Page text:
40. Lòpez-Villavicencio, Antonia & Mazier, Jacques & Saadaoui, Jamel, 2012. "Temporal dimension and equilibrium exchange rate: A FEER/BEER comparison," Emerging Markets Review, Elsevier, vol. 13(1), pages 58-77.
    41. Enrique Alberola, 2003. "Misalignment, liabilities dollarization and exchange rate adjustment in Latin America," Working Papers 0309, Banco de España;Working Papers Homepage.
    42. Jesus Crespo Cuaresma & Jarko Fidrmuc & Maria Antoinette Silgoner, 2004. "Exchange Rate Developments and Fundamentals in Four EU Accession and Candidate Countries: Bulgaria, Croatia, Romania and Turkey," Focus on European Economic Integration, Oesterreichische Nationalbank (Austrian Central Bank), issue 2, pages 119-137.
    43. MacDonald, Ronald, 2000. "Concepts to Calculate Equilibrium Exchange Rates: An Overview," Discussion Paper Series 1: Economic Studies 2000,03, Deutsche Bundesbank.
    44. Bussière, Matthieu & Ca' Zorzi, Michele & Chudik, Alexander & Dieppe, Alistair, 2010. "Methodological advances in the assessment of equilibrium exchange rates," Working Paper Series 1151, European Central Bank.
    45. repec:hal:journl:peer-00796743 is not listed on IDEAS
    46. Bems, Rudolfs & de Carvalho Filho, Irineu, 2011. "The current account and precautionary savings for exporters of exhaustible resources," Journal of International Economics, Elsevier, vol. 84(1), pages 48-64, May.
    47. Pesaran, M. Hashem & Tosetti, Elisa, 2011. "Large panels with common factors and spatial correlation," Journal of Econometrics, Elsevier, vol. 161(2), pages 182-202, April.
    48. Pedroni, Peter, 1999. " Critical Values for Cointegration Tests in Heterogeneous Panels with Multiple Regressors," Oxford Bulletin of Economics and Statistics, Department of Economics, University of Oxford, vol. 61(0), pages 653-670, Special I.
    49. Mariarosaria Comunale & Jeroen Hessel, 2014. "Current account imbalances in the Euro area: Competitiveness or financial cycle?," DNB Working Papers 443, Netherlands Central Bank, Research Department.
    50. Joannes Mongardini & Alexander Chudik, 2007. "In Search of Equilibrium; Estimating Equilibrium Real Exchange Rates in Sub-Saharan African Countries," IMF Working Papers 07/90, International Monetary Fund.
    51. Bussière, Matthieu & Fratzscher, Marcel, 2006. "Current Account Dynamics in OECD Countries and in the New EU Member States: An Intertemporal Approach," Journal of Economic Integration, Center for Economic Integration, Sejong University, vol. 21, pages 593-618.
    52. repec:mcb:jmoncb:v:45:y:2013:i::p:845-865 is not listed on IDEAS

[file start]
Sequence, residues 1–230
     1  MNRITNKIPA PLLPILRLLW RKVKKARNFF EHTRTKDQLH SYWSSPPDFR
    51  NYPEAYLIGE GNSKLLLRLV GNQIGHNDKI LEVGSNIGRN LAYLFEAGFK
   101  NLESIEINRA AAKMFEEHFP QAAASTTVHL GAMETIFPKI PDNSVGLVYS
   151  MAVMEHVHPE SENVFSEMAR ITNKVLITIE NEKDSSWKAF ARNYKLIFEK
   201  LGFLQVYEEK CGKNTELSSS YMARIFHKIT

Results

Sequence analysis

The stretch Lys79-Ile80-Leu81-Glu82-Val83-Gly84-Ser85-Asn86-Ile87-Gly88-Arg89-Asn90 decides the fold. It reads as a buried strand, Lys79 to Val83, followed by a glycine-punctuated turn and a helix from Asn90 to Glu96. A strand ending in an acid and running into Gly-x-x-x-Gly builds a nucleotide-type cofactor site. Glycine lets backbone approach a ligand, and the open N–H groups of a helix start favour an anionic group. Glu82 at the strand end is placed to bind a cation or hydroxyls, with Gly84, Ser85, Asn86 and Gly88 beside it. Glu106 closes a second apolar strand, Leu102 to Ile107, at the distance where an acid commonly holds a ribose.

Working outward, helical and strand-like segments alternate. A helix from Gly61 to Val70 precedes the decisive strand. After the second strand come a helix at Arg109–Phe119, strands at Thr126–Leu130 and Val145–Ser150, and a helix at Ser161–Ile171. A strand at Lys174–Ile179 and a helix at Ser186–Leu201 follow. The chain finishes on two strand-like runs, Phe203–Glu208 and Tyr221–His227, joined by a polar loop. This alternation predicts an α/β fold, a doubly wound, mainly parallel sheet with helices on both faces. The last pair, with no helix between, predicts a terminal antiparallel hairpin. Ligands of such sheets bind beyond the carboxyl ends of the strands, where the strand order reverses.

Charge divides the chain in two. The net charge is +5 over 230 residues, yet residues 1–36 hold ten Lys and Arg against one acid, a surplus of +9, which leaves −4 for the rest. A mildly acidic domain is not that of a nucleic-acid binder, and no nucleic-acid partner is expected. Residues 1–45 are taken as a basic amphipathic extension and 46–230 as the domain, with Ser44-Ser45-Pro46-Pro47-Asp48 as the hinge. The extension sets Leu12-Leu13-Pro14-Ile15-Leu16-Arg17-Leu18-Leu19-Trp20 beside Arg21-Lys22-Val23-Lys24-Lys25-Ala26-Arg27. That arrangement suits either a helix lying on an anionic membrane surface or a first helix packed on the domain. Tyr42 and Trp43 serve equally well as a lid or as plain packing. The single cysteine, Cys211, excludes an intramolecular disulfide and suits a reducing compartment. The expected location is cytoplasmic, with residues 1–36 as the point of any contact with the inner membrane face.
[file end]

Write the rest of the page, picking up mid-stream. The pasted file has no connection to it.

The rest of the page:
53. Daniel Hoechle, 2007. "Robust standard errors for panel regressions with cross-sectional dependence," Stata Journal, StataCorp LP, vol. 7(3), pages 281-312, September.
    54. Peter Pedroni, 2001. "Purchasing Power Parity Tests In Cointegrated Panels," The Review of Economics and Statistics, MIT Press, vol. 83(4), pages 727-731, November.
    Full references (including those not matched with items on IDEAS)

    Citations

    Citations are extracted by the CitEc Project, subscribe to its RSS feed for this item.
    as


    Cited by:

    1. Mariarosaria Comunale, 2016. "A Closer Look at EU Current Accounts," CEIS Research Paper 393, Tor Vergata University, CEIS, revised 11 Aug 2016.
    2. Comunale, Mariarosaria, 2017. "Dutch disease, real effective exchange rate misalignments and their effect on GDP growth in EU," Journal of International Money and Finance, Elsevier, vol. 73(PB), pages 350-370.

    More about this item

    JEL classification:

    • F31 - International Economics - - International Finance - - - Foreign Exchange
    • F32 - International Economics - - International Finance - - - Current Account Adjustment; Short-term Capital Movements
    • C23 - Mathematical and Quantitative Methods - - Single Equation Models; Single Variables - - - Models with Panel Data; Spatio-temporal Models

    NEP fields

    This paper has been announced in the following NEP Reports:

    Statistics

    Access and download statistics

    Corrections

    All material on this site has been provided by the respective publishers and authors. You can help correct errors and omissions. When requesting a correction, please mention this item's handle: RePEc:bof:bofitp:2015_028. See general information about how to correct material in RePEc.

    For technical questions regarding this item, or to correct its authors, title, abstract, bibliographic or download information, contact: (Minna Nyman) or (Christopher F. Baum). General contact details of provider: http://edirc.repec.org/data/bofitfi.html .

    If you have authored this item and are not yet registered with RePEc, we encourage you to do it here. This allows to link your profile to this item. It also allows you to accept potential citations to this item that we are uncertain about.

    If CitEc recognized a reference but did not link an item in RePEc to it, you can help with this form .

    If you know of missing items citing this one, you can help us creating those links by adding the relevant references in the same way as above, for each refering item. If you are a registered author of this item, you may also want to check the "citations" tab in your RePEc Author Service profile, as there may be some citations waiting for confirmation.

    Please note that corrections may take a couple of weeks to filter through the various RePEc services.

    IDEAS is a RePEc service hosted by the Research Division of the Federal Reserve Bank of St. Louis . RePEc uses bibliographic data supplied by the respective publishers.